NBM Publishing will release in June the latest in writer-artist Rick Geary's series of historical true crime graphic novels, "Treasury of XXth Century Murder: Famous Players." Chronicling the life and death of early Hollywood actor and director William Desmond Taylor, "Famous Players" is the second of Geary's twentieth century books after the Eisner-nominated "The Lindbergh Child." A previous series focused on Victorian-era criminals such as Jack the Ripper and H.H. Holmes. CBR News caught up with Geary to discuss the new book, his research process, and dark deeds to come.
William Desmond Taylor was a director with the Famous Players studio, founded in 1912 and giving fame to such actresses as Sarah Bernhardt, Mary Pickford, and Mary Miles Minter. Taylor, who had a checkered past even before arriving on the nascent Hollywood scene, was found dead on February 2, 1922, lying perfectly straight next to his desk in the parlour. The investigation of the crime was marred nearly from the start, with neighboring actors spreading the news quickly to others in their field, and gawkers from the community traipsing all over the crime scene.
Perhaps the most intriguing shenanigans at the crime scene, though, revolve around a mysterious "doctor" who did not identify himself and has never since been identified. "I chalk it up to the fact that police at the time did not yet know the value of securing a crime scene," Geary told CBR. "Besides, until Taylor's body was moved, it was assumed that he had died of natural causes, although that was still no excuse for allowing people to overrun the apartment."
The story of Taylor's murder is set in a Hollywood that was only beginning to become the film industry wonderland that it developed into through the studio era and into the present day. In fact, Geary begins the narrative with the city's birth from the Southern California desert to provide a context of how--and how quickly--the area evolved. "The city in which a murder takes place is always a 'character' in that it lends its peculiar ambience to the crime and its investigation. Hollywood is of course a place like no other, and I've always been attracted to the history of its early days, before it became a factory town," Geary explained. "I've tried to get a little of this flavor into the book. By 1922, the studios were just becoming powerful enough to influence the course of a police investigation."
Geary presents the stories and alibis of several suspects, along with official findings and other theories about the murder. The book does not, however, suggest one candidate as more likely than the others, though an assessment of the facts may lead readers to particular conclusions. "In my accounts of unsolved cases, I never try to name the culprit or promote any particular theory. The consensus of my sources on the Taylor case points to him having been killed by either Mary Miles Minter or her mother, but there's not enough evidence to name anyone conclusively," Geary said.
"I've been a student of true crime stories and famous murder cases for more than thirty years, and during that time I've become familiar with those that make the best stories, have the most colorful characters or contain the elements of a good mystery," Geary said. "So finding the subject is never a problem. I always have a long list of cases I'd like to tackle next, and the decision is the result of a consultation with my publisher, Terry Nantier at NBM."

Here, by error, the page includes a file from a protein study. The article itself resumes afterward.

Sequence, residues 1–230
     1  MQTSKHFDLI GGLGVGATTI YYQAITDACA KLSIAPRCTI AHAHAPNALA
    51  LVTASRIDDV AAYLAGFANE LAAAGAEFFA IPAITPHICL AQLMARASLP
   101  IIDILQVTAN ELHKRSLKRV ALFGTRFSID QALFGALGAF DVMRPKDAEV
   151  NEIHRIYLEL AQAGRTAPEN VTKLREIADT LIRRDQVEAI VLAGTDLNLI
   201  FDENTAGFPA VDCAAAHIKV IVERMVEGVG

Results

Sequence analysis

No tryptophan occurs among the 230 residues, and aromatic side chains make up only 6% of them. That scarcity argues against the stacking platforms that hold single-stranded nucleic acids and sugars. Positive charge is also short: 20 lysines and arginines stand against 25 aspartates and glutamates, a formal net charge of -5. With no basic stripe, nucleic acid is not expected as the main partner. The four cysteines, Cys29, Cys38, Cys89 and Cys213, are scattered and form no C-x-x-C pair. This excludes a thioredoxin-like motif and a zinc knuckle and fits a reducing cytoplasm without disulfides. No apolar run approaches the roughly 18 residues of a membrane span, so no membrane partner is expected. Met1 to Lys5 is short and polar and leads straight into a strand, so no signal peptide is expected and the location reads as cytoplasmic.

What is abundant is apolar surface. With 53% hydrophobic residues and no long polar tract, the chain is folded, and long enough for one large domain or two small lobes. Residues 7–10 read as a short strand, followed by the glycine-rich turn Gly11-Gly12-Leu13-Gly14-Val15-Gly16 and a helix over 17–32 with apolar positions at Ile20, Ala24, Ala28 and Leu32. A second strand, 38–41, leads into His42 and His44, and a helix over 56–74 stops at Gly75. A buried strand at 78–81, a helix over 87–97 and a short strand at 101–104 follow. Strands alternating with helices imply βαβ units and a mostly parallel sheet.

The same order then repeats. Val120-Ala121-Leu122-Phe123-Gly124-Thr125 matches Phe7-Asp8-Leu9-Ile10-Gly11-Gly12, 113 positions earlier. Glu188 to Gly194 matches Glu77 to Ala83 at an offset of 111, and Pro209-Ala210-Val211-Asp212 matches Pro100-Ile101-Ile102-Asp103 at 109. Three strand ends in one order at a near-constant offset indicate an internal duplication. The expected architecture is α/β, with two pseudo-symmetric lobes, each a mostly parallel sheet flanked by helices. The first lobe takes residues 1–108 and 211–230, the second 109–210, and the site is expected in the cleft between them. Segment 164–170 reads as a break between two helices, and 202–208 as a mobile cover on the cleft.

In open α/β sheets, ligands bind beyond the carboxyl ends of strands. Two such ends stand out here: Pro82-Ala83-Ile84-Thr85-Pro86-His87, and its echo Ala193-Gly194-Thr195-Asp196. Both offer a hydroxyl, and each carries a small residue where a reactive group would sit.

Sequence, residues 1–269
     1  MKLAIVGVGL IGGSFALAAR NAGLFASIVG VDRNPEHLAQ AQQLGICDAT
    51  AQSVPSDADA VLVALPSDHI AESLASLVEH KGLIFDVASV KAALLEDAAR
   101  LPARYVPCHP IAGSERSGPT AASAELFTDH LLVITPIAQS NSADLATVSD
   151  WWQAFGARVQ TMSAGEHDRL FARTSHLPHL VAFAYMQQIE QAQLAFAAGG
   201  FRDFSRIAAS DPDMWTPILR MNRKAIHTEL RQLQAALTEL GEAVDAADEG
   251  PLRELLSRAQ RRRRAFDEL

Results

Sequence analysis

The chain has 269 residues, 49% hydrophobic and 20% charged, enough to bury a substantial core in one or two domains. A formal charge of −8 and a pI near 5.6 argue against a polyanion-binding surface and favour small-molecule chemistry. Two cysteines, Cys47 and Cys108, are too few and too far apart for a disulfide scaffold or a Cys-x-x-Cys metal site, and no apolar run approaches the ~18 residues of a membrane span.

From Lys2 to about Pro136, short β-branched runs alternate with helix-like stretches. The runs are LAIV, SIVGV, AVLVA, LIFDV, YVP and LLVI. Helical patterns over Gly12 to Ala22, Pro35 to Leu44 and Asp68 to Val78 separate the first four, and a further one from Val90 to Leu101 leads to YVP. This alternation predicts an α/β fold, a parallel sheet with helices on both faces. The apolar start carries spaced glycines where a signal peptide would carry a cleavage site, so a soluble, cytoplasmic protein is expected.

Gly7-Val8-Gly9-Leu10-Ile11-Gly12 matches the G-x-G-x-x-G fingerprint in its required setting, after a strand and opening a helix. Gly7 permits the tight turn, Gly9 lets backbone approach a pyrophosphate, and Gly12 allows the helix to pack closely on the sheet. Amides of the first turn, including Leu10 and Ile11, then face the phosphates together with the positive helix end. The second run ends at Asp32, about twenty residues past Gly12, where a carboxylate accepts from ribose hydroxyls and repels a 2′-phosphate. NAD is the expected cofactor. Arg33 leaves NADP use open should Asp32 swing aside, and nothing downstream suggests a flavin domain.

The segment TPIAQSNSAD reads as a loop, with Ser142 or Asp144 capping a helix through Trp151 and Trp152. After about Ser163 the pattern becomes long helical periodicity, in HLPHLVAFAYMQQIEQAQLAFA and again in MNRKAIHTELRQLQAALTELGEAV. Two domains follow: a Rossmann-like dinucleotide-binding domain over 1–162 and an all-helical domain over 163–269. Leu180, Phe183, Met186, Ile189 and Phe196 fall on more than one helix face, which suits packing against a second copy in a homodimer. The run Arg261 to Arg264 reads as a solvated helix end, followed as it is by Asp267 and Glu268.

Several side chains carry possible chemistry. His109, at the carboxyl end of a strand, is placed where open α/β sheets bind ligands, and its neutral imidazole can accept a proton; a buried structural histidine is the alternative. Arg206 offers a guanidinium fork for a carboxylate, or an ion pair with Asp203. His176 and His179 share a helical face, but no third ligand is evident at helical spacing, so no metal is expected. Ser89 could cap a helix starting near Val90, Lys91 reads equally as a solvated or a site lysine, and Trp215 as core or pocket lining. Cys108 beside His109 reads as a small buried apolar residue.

In preparation for his true crime books, Rick Geary researches several accounts of an historical event to get the most accurate, comprehensive picture available. "My goal is first of all to be as clear and accurate as possible in laying out what might be a very complex and convoluted story. If several sources are in conflict over a particular detail, and I try to give space to all of them and air the different arguments for and against," Geary explained. "I like to use maps and overhead views to make the action understandable, and I try for a sense of historical verisimilitude in details such as clothing, interiors, hairstyles, etc."
In the run up to the publication of "Treasury of XXth Century Murder: Famous Players," Geary has been nominated for Eisner Awards in the Best Writer/Artist and Best Reality-Based Work categories for his most recent book, "A Treasury of XXth Century Murder: The Lindbergh Child," but has also met some conflicting accounts from Diamond as to whether they would be carrying his newest book, owing to new minimum order criteria. As reported previously by CBR News and confirmed by Geary and NBM, Diamond will, in fact, carry the William Desmond Taylor volume. As to the accolades, Geary said, "I'm honored and thrilled to be nominated for two Eisners this year, particularly so because they recognize my work for NBM (an ongoing relationship for 22 years), and my new series of graphic biographies for Hill & Wang that premiered with 'J. Edgar Hoover.'"
As to what's next for the "Treasury of Xxth Century Murder," Geary said the volume is already in progress. "I'm currently working on the pencils for the next book in the series: 'The Terrible Axe-Man of New Orleans.' This is the story of the unknown serial killer who attacked twelve people (killing six) in that city in 1918-1919. In the fall, my new graphic biography, Leon Trotsky, will be released."